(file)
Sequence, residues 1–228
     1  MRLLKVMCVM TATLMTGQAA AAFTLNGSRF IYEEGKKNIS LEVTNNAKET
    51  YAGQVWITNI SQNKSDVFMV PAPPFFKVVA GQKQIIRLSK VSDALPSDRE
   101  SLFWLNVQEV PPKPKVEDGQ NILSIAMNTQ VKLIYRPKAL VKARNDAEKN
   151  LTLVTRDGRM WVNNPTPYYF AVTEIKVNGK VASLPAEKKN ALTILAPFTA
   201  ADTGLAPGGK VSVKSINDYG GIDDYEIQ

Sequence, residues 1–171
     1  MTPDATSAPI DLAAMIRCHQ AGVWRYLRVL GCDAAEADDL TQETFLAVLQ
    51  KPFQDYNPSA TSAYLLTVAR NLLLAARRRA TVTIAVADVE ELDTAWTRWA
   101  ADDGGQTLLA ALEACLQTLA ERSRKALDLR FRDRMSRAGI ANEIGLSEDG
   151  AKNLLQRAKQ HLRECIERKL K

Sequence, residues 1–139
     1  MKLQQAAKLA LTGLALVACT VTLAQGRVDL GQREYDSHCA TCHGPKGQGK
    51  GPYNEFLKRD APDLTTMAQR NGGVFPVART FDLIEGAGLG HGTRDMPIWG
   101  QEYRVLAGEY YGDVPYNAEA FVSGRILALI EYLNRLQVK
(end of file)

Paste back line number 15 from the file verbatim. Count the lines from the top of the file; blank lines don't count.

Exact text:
   101  QEYRVLAGEY YGDVPYNAEA FVSGRILALI EYLNRLQVK